Who has been in the Falklands the longest?

22 May

In the 248 years since the Falklands were first settled, 4 powers have laid claim to the Islands. With a history of settlement amounting to 190 years (1765-1776 1833-present), the British presence on the islands dwarfs that of any other, with Argentina, the only other power to currently question current British sovereignty, occupying the Falklands for a period of 13 years.

Earlier this year Cristina Kirchner, President of Argentina, reopened the debate on the sovereignty of the Falkland Islands, popularly known in Argentina as Las Malvinas. Argentine claims on the islands are based on a variety of factors, ranging from proximity to treaties signed in the 18th Century, before even the existence of an Argentine state.

What the Argentines can’t deny though is that British claims on the islands, based on a historical and continued presence, or rather longevity, are not without merit. As the chart above demonstrates, the British presence on the Falklands far outweighs that of any other power. The percentages are based on the total amount of years that the 4 powers (Britain, France, Spain and the United Provinces) maintained an active presence, exercising some degree of governorship, since the islands were first colonized in 1764.

A Brief history of the Falklands

The Falkland Islands, or rather East Falkland, was first colonized in 1764 by the French. Their presence on the islands were brief and by 1767 they had ceded their claims on the territory to the Spanish.

Unaware of the French presence in East Falkland, the British, under Captain John Byron, landed in West Falkland in 1765, claiming the islands in the name of King George III. Their presence lasted until 1774 or1776 (historical discrepancies exist on this), when for economic reasons they withdrew personnel from the islands, leaving the Spanish as the sole governors.

In 1806 the Spanish governor withdrew from the islands, although, like the British before them, the Spanish left behind a plaque claiming sovereignty of the islands. By 1811, the Spanish presence ceased, leaving the Falklands in a state of flux for 9 years.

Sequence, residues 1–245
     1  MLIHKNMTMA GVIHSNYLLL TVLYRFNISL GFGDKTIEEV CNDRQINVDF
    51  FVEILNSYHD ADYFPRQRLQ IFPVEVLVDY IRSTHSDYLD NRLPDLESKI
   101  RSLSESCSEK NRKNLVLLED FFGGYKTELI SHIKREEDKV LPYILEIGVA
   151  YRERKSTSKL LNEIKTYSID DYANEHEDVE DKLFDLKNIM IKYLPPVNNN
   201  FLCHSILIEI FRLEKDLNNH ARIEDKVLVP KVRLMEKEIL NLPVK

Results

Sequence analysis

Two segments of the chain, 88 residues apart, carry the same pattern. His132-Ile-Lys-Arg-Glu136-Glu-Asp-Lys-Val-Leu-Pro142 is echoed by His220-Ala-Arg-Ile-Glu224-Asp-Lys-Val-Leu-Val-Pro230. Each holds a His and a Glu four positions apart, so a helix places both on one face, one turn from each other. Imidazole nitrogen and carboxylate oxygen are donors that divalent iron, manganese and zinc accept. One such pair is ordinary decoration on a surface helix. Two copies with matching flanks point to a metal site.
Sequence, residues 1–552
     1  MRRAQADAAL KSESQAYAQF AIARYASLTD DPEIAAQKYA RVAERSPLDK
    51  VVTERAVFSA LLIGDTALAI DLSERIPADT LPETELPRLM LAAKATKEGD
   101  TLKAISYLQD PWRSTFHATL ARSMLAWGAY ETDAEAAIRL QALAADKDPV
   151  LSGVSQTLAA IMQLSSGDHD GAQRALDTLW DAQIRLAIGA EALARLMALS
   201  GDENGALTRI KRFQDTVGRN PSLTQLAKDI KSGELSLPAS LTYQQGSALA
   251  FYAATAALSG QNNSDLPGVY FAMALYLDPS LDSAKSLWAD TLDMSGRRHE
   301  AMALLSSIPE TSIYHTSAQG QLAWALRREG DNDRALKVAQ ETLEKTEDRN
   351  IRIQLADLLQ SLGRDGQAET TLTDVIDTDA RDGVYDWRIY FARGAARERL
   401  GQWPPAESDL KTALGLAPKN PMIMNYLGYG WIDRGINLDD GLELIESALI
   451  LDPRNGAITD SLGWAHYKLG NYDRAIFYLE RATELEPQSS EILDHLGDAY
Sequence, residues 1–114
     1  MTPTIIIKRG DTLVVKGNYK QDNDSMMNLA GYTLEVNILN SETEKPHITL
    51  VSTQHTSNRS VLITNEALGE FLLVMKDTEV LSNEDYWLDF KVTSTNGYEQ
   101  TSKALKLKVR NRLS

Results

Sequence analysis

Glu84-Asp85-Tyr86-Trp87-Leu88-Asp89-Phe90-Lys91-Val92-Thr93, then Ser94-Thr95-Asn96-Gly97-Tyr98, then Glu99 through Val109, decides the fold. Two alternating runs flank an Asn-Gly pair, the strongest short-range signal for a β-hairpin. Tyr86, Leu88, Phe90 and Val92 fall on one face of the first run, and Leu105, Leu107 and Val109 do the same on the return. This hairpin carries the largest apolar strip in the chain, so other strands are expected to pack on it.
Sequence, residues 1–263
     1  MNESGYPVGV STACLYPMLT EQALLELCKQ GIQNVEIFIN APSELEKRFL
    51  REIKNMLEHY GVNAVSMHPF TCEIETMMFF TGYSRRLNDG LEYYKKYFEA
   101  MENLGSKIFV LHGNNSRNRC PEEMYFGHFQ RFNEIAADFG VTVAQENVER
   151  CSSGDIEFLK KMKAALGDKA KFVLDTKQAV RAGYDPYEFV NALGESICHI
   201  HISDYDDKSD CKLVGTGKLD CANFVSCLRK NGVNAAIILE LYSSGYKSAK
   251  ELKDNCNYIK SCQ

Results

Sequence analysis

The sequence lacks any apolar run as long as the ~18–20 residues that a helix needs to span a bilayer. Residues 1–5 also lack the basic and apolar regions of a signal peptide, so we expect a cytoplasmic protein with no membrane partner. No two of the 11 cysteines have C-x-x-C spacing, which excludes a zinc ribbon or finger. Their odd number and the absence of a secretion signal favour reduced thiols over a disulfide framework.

In 1820 a force from the United Provinces of Rio de la Plata (the precursor to modern-day Argentina) sailed to the Falklands, claiming sovereignty over them.

With Britain still asserting its claims on the islands,  British warships forced the departure of forces and officials from the United Provinces in 1833. From then until the Falklands War in 1982, the British remained the sole possessors of the islands with the overwhelming majority of administrative officials and colonists being of British descent, a state that continued following their quick victory over Argentine forces.

Conclusion

While the French may have first settled the Falklands, the first official British presence occurred only a year later. Between 1764 and 1833, competing claims between the powers of Britain, Spain, France and the United Provinces meant that any significant human presence in the islands was at most, small and semi-permanent.

The British, barring the period of the Falklands War, have governed and maintained a population on the islands for the past 179 years. They also were the first to colonize West Falkland, maintaining an initial presence there for 11 years. The Spanish, although presiding in the territory for 44 years, have never exercised any modern claims of sovereignty on the islands, nor indeed have the French, the original settlers.

Argentina, or rather the United Provinces of Rio de la Plata, were only the presiding power on the Falklands for 13 years, and even during that period did not appoint a governor until 1829. While the Argentines may point to the period of flux of 1811-1820, among other things, as granting a reasonable basis for their initial claim of sovereignty in 1820, it seems that any current claims of sovereignty based on a long period of previous governorship and settlement are tenuous at best.

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One Response to “Who has been in the Falklands the longest?”

  1. maroxana May 22, 2012 at 11:11 pm #

    Argentina es continuadora de los derechos de España en todo su territorio desde la declaraciòn de la independencia en 1816 mientras que Francia nunca pretendiò derechos de soberanìa en Malvinas. Por otro lado la ocupaciòn ilegal y siempre cuestionada, de una parte del territorio de cualquier naciòn no dà mayores derechos que los nacidos de la fuerza, pero que nunca fueron avalados ni por la razòn ni por el derecho internacional.

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